The German Federal Constitutional Court has declared void the act of approval to the agreement on the European Unified Patent Court, as it has not been approved with the required two-thirds majority.
On February 13, 2020, the Bundesverfassungsgericht (German Federal Constitutional Court – “BVerfG”) has upheld the constitutional complaint filed against the national legislation on the Unified Patent Court (“UPC”).
The Second Senate of the BVerfG (“Senate”) decided that the concerned national law has amended the Constitution of the Federal Republic of Germany in substantive terms, though it has not been approved by the German Parliament with the required two-thirds majority.
Within its reasoning, the Senate stated that “in order to safeguard their [i.e., the German citizens’] right to influence the process of European integration by democratic means, this, in principle, also entails the right of citizens that sovereign powers be conferred only in the ways provided for by the Basic Law [i.e., the Constitution of the Federal Republic of Germany]”. On the contrary, an act of approval to an international (or European) treaty that has been adopted in violation of such relevant German legal provisions, is not a legitimate ground for the exercise of sovereign powers, as the ones concerning the Unified Patent Court, by the European Union institutions.
This happening originated after European Union has prepared for years to equip itself with a new patent structure focused on the creation of a unitary title (the so-called “European patent with unitary effects”) and uniform protection for the whole territory of the European Union. Since the beginning, this has been a complex system of judicial integration on a “pan-European” scale.
On its side, Italy has acceded this system by ratifying, through Law No. 214 of November 3, 2016, the Agreement on the establishment of the Unified Patent Court and creating in Milan a local division of the Court.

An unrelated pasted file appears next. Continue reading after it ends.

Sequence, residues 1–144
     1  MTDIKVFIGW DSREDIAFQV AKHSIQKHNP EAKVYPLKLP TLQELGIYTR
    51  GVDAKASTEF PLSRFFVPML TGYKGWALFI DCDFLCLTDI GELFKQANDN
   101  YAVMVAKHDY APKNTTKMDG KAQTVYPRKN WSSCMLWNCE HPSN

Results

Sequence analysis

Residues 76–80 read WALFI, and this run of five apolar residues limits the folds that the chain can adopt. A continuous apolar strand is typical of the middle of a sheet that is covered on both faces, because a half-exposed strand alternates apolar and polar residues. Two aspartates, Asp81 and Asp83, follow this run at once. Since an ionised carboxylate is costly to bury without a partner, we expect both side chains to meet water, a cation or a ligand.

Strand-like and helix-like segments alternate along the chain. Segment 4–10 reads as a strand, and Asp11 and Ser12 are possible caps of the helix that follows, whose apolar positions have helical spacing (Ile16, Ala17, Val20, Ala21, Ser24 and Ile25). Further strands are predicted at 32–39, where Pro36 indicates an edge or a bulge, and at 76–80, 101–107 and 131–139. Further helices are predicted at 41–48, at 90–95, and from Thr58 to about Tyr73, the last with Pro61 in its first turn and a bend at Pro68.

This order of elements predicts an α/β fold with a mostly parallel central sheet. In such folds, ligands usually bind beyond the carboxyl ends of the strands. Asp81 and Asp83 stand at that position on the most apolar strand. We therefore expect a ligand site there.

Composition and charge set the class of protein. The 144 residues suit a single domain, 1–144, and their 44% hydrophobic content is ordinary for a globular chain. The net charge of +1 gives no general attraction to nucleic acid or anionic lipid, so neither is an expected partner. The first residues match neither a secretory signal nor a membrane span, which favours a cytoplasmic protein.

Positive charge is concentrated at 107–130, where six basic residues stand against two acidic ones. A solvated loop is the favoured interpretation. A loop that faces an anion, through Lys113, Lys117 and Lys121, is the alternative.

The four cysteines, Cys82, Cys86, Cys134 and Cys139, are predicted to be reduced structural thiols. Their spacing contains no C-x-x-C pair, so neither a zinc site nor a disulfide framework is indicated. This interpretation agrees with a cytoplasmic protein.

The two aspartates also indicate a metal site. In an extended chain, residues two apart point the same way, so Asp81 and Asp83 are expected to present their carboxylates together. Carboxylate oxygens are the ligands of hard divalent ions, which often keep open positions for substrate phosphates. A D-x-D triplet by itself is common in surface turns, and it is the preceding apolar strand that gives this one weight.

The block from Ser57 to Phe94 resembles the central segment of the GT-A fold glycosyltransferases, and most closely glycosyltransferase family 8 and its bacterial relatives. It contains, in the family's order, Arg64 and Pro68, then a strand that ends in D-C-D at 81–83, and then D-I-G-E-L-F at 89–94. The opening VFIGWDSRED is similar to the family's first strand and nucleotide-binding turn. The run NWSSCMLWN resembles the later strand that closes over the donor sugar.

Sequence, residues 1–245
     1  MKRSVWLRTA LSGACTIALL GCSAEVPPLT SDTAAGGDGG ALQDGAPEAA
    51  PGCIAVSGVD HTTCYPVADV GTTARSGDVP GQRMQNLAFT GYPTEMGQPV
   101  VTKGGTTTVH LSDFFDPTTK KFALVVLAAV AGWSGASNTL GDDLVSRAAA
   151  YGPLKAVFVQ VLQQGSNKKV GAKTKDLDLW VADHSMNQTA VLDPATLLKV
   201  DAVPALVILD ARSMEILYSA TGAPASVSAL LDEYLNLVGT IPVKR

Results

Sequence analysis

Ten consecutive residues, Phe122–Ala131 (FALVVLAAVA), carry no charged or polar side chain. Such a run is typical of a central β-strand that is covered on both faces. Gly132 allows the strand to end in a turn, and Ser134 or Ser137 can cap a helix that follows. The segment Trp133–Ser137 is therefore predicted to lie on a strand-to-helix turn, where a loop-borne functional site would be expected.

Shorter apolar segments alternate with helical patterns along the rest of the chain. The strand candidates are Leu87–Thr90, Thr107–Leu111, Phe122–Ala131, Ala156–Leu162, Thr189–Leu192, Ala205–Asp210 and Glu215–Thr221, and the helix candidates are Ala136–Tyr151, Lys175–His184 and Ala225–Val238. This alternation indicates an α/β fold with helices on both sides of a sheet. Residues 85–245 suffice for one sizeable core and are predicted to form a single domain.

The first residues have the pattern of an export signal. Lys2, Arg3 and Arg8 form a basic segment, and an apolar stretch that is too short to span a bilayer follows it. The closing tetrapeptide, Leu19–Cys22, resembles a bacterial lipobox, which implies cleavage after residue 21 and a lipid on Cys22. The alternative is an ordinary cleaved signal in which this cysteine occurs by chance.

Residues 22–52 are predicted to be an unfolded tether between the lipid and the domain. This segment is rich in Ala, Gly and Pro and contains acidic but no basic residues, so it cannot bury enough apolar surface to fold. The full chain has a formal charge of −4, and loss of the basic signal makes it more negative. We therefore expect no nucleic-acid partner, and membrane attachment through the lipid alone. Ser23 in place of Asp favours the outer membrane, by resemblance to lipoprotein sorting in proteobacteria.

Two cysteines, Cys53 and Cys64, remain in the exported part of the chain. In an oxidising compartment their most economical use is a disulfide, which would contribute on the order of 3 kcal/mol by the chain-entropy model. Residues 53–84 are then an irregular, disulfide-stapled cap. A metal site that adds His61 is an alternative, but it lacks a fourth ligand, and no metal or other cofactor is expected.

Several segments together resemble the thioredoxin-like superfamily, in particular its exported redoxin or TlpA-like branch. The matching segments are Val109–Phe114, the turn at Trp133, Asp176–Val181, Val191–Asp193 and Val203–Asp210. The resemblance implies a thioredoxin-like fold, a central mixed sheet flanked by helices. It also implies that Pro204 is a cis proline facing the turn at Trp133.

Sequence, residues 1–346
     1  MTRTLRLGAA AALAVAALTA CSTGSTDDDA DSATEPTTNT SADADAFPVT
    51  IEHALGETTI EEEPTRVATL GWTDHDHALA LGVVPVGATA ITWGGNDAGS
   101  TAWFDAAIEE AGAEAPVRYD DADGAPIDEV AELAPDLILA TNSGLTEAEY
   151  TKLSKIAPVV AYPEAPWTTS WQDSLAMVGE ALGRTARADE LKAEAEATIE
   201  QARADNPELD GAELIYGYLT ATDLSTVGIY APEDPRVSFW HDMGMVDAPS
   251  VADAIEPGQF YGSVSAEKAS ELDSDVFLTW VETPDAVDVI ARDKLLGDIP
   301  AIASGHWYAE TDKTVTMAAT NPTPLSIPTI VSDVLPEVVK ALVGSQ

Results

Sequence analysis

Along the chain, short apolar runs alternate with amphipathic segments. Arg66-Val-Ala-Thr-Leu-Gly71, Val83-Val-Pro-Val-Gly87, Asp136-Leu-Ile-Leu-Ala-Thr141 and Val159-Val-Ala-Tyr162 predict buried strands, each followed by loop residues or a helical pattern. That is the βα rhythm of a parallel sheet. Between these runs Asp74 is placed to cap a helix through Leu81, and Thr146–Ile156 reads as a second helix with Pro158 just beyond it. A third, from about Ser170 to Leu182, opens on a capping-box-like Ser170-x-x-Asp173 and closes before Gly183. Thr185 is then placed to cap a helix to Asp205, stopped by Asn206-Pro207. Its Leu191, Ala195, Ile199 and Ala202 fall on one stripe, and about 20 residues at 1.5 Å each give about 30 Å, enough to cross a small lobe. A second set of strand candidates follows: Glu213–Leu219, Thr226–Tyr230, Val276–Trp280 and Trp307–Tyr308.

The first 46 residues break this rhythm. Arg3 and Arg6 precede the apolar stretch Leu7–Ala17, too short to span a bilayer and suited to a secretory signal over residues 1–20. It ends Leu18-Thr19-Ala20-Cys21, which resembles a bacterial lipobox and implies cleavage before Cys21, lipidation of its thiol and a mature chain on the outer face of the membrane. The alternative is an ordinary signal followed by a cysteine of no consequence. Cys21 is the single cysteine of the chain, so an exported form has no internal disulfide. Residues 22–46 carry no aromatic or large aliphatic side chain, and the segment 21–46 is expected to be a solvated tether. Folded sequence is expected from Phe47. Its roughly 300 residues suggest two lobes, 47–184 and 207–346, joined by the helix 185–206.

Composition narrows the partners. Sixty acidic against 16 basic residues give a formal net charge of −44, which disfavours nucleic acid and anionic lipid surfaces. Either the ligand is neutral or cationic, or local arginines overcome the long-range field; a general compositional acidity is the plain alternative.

Given that, because of the Brexit, the UK Government has declared that it will not take part to the Unitary Patent and the UPC, the judgment of the BVerfG is now seriously putting at risk the possibility of the new system to come into force; on the one hand because Germany is one of the “unavoidable” countries, which under the relevant European legislation must ratify the UPC system to let it come into force; on the other hand because the current emergency situations determined by the Covid-19 outbreak makes it very difficult that the German Parliament will be able to adopt soon a new ratification law of the UPC with the required two-thirds majority.
 This new European patent structure is based on (i) Regulation (EU) No. 1257/2012 of the European Parliament and of the Council of December 17, 2012 implementing enhanced cooperation in the area of the creation of unitary patent protection (accessible here); and (ii) Council Regulation (EU) No. 1260/2012 of 17 December 2012 implementing enhanced cooperation in the area of the creation of unitary patent protection with regard to the applicable translation arrangements (accessible here).